"Lawmakers reached out to religious organizations and corrected the procedure for recertification in order to avoid, first, massive examination of all active clergy and, second, problems of certification of visiting teachers and missionaries," according to Roman Lunkin, the director of the Center for the Study of Problems of Religion and Society of the European institute of the Russian Academy of Sciences. "To examine all priests, pastors, or imams with foreign certification would really be absurd."


"We do not have any complaints," Hegumena Ksenia, the head of the legal department of the Moscow patriarchate of the R.P.Ts., said. The president of the Federation of Jewish Communities of Russia, Alexander Boroda, thinks that the draft law "acts not only as a preventive measure in the struggle with extremism," but also "aims to facilitate the development of systematic religious education in our country."


Other confessions do not share the joy of their colleagues. "The most important thing has been left in the bill—the expansion of the authority of the state aiming at the regulation and control of all spheres of religious life of associations and individual citizens," worries a member of the administration of the Russian Associated Union of Christians of Evangelical Faith (Pentecostals), Bishop Konstantin Bendas. "With such a legislative dynamic, soon the canons, internal regulations, and doctrine will not have any significance in comparison with the all-encompassing requirements of the law."


"It is gratifying that the State Duma listened to religious leaders and experts, and the draft law was reworked, thanks to which if it is adopted it will not affect active clergy members," the vice-chairman of the Council of Muftis of Russia, Rushan Abbiasov, said. However, in his opinion, the intent of this law is still unclear. "First, centralized religious organizations of traditional Russian religions exercise, and always have exercised, strict control over their cadres," the mufti stated. "Second, why is the bill aimed exclusively at religious educational institutions? After all, many Russian students study in foreign secular higher educational institutions and in countries with explicitly aggressive rhetoric and policies against Russia. And if one follows the logic of the authors of the draft law, then for all these students upon their return to the fatherland it is also necessary to conduct recertification within the specialty in Russian institutions."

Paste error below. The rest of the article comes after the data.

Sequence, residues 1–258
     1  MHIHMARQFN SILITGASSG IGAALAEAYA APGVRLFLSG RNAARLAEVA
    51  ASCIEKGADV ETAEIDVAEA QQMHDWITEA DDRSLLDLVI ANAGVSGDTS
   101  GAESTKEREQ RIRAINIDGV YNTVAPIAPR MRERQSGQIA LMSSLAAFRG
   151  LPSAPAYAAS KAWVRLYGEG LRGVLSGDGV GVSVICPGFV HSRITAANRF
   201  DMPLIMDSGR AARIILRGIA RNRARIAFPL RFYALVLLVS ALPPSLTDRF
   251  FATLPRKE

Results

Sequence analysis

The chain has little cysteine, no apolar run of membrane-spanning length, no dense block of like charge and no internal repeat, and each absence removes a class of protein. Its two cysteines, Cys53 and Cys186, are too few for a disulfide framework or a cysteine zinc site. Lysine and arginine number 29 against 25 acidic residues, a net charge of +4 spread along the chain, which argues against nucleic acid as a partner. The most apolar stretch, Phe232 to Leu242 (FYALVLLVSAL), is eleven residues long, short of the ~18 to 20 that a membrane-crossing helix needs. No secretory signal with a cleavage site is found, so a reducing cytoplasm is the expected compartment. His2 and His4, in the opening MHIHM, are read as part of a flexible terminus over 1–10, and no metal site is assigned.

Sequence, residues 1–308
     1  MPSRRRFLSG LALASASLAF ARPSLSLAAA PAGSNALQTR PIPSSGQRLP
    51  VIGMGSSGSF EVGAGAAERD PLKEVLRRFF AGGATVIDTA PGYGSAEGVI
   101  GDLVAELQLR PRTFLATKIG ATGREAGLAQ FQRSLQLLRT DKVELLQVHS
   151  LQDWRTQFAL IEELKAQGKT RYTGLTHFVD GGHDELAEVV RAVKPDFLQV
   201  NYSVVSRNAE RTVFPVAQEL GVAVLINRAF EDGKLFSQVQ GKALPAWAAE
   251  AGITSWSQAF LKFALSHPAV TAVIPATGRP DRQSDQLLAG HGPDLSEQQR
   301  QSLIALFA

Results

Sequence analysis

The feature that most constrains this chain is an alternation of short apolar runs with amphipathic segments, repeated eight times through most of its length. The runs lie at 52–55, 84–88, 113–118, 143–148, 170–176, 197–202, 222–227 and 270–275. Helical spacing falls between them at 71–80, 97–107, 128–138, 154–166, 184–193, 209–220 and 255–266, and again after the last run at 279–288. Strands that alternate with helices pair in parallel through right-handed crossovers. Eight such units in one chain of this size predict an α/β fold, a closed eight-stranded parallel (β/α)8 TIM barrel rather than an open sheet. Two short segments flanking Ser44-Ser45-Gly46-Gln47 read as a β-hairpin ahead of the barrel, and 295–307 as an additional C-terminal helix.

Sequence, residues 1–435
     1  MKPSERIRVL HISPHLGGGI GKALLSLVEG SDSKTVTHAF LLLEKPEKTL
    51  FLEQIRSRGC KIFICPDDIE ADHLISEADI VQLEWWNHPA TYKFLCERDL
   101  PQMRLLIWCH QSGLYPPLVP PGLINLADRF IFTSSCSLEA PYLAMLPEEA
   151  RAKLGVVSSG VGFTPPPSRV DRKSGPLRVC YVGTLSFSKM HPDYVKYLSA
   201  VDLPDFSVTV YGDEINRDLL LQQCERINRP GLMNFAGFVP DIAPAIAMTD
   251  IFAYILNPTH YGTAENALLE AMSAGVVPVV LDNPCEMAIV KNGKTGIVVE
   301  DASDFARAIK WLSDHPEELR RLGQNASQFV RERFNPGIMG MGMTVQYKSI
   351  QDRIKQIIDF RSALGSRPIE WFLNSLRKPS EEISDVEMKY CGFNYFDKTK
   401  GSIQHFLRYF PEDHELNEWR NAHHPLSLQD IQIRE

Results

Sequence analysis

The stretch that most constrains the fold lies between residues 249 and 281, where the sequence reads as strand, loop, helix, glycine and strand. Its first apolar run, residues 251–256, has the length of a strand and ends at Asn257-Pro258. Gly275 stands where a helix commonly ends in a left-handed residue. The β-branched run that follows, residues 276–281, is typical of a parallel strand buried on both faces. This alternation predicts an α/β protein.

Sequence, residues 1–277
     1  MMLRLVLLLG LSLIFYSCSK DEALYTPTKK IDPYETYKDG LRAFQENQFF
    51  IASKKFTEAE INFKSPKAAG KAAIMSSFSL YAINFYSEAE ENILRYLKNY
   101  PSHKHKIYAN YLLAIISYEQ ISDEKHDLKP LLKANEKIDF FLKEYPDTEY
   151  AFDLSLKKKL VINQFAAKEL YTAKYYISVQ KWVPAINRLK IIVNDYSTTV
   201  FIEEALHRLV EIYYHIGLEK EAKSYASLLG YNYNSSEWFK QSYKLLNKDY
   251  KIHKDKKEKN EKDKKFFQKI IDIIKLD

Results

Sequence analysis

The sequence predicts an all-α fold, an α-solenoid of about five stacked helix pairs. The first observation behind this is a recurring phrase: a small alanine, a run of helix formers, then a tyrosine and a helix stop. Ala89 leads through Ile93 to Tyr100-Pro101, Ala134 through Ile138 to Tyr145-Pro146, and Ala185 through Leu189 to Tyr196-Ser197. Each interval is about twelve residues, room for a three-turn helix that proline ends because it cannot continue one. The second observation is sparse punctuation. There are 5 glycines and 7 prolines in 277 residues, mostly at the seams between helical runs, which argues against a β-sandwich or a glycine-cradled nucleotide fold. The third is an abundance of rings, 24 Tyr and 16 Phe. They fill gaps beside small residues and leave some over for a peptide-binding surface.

"The point of these amendments is still unclear to us," says the administrator of the central temple of Kalmykia, the "Golden Abode of Buddha Shakiamuni," Sergei Kirisov. "All clergy of Kalmykia receive education in India. It turns out that upon their return home they will have to get supplementary education, which extends the time of their education. But we have a severe shortage of monks." In his opinion, extremists "will continue to propagate their ideas, while additional complications are being created for conscientious members of the clergy." (tr. by PDS, posted 19 March 2021)

Background articles:
Changes in religion law move forward
November 17, 2020
Russian parliament backs away from controversial change in religion law
October 15, 2020

Russian parliament delays consideration of controversial changes in religion law
September 26, 2020

Russia Religion News Current News Items